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overdone

[oh-ver-duhn] /ˌoʊ vərˈdʌn/
verb
1.
past participle of overdo.
adjective
2.
cooked too long or too much:
The roast was overdone. I dislike overdone steak.
3.
excessive or strained; exaggerated:
Don't you think his politeness is overdone?
4.
overtaxed; exhausted:
You're looking a bit overdone from that hike.
Origin

overdo

[oh-ver-doo] /ˌoʊ vərˈdu/
verb (used with object), overdid, overdone, overdoing.
1.
to do to excess; overindulge in:
to overdo dieting.
2.
to carry to excess or beyond the proper limit:
He puts on so much charm that he overdoes it.
3.
to overact (a part); exaggerate.
4.
to overtax the strength of; fatigue; exhaust.
5.
to cook too much or too long; overcook:
Don't overdo the hamburgers.
verb (used without object), overdid, overdone, overdoing.
6.
to do too much; go to an extreme:
Exercise is good but you mustn't overdo.
Origin
before 1000; Middle English overdon, Old English oferdōn. See over-, do1
Related forms
overdoer, noun
Can be confused
overdo, overdue.
Dictionary.com Unabridged
Based on the Random House Dictionary, © Random House, Inc. 2014.
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Examples for overdone
  • Replacing these lost stores is essential but rehydration can be overdone.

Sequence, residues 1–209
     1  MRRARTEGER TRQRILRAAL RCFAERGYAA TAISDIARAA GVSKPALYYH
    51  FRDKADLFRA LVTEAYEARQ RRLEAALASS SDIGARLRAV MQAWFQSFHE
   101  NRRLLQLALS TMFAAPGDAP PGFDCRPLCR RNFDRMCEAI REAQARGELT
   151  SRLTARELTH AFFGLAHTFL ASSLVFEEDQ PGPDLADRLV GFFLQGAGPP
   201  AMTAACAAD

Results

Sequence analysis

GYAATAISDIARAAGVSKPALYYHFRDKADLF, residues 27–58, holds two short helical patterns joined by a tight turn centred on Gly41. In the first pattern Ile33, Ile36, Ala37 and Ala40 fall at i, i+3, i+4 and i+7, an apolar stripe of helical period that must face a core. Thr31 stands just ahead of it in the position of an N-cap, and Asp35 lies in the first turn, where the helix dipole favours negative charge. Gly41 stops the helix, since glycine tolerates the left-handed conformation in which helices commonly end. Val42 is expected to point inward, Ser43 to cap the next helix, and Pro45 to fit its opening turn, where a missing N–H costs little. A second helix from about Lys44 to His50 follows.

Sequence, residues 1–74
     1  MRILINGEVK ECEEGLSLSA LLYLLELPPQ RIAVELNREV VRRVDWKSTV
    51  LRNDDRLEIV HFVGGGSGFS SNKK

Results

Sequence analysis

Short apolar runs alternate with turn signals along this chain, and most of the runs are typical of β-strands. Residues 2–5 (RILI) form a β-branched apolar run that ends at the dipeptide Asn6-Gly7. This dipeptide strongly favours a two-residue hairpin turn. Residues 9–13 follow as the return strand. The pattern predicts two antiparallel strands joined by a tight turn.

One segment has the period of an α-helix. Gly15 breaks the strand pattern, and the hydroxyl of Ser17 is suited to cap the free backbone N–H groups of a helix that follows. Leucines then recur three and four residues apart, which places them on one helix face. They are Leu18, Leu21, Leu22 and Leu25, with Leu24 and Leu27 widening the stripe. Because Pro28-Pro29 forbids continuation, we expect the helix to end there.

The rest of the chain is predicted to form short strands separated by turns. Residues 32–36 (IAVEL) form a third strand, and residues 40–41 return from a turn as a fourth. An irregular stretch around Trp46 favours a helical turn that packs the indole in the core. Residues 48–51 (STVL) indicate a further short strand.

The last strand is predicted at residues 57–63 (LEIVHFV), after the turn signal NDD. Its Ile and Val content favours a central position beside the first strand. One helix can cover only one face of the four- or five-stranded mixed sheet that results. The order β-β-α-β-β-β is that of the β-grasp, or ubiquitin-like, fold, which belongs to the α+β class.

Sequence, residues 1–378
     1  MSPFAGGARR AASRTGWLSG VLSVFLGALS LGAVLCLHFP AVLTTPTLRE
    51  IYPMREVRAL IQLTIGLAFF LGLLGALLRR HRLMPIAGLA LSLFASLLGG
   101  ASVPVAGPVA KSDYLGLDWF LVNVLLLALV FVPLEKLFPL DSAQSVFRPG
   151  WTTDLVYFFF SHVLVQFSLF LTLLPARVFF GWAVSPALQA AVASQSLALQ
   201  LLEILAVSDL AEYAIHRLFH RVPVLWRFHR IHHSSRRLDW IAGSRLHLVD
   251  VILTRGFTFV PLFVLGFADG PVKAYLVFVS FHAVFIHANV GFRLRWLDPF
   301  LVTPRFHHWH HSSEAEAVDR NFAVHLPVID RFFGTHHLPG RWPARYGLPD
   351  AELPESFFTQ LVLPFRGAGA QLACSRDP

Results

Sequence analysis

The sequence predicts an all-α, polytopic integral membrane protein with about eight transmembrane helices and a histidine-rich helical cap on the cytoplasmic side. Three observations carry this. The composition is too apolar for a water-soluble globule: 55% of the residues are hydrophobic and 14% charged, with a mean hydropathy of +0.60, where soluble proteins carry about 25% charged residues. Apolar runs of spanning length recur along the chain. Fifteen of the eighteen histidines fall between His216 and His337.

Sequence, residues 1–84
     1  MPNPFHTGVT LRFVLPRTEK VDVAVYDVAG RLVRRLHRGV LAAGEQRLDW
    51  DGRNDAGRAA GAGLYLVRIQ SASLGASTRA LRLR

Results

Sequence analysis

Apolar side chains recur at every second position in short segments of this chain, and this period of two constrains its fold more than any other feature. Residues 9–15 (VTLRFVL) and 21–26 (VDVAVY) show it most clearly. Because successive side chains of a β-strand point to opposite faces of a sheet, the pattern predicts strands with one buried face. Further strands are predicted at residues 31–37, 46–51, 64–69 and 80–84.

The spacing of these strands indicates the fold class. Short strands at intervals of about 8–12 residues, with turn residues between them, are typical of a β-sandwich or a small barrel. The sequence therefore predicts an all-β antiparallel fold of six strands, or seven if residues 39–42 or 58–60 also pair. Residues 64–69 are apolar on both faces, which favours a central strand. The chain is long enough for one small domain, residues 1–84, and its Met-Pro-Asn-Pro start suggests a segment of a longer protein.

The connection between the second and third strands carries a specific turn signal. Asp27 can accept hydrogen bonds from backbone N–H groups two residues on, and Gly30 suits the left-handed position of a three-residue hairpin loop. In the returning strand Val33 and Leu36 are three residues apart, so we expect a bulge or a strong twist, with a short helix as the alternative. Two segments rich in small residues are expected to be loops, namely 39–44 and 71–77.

• But while the format sound original, the plot sounds boring and overdone.
  • And people in the cinema world use it to mean pictorial effects that are overdone.
  • While the physical repairs were much needed, and appreciated, the overdone paint job was a shock.
  • Avocado salsa and goat cheese top the burger, compensating for the lack of flavor in the overdone meat.
  • Occasionally, the intricacies seem a little overdone.
  • To trot out another overdone cliche, if at first you don't succeed, try and try again.
  • The embellishment must never be heavy-handed, never gauche, never overdone.
  • overdone as it is, some horse race coverage is perfectly justified.
  • On the whole, it may be conceded that this department of literature is overdone.
British Dictionary definitions for overdone

overdo

/ˌəʊvəˈduː/
verb (transitive) -does, -doing, -did, -done
1.
to take or carry too far; do to excess
2.
to exaggerate, overelaborate, or overplay
3.
to cook or bake too long
4.
overdo it, overdo things, to overtax one's strength, capacity, etc
Collins English Dictionary - Complete & Unabridged 2012 Digital Edition
© William Collins Sons & Co. Ltd. 1979, 1986 © HarperCollins
Publishers 1998, 2000, 2003, 2005, 2006, 2007, 2009, 2012
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Word Origin and History for overdone
overdo
O.E. oferdon "to do too much," from ofer "over" + don "to do." Common Gmc. (cf. O.H.G. ubartuan). Meaning "to overtax, exhaust" (esp. in phrase to over do it) is attested from 1817. Of food, "to cook too long," first recorded 1683 (in pp. adj. over done).
Online Etymology Dictionary, © 2010 Douglas Harper
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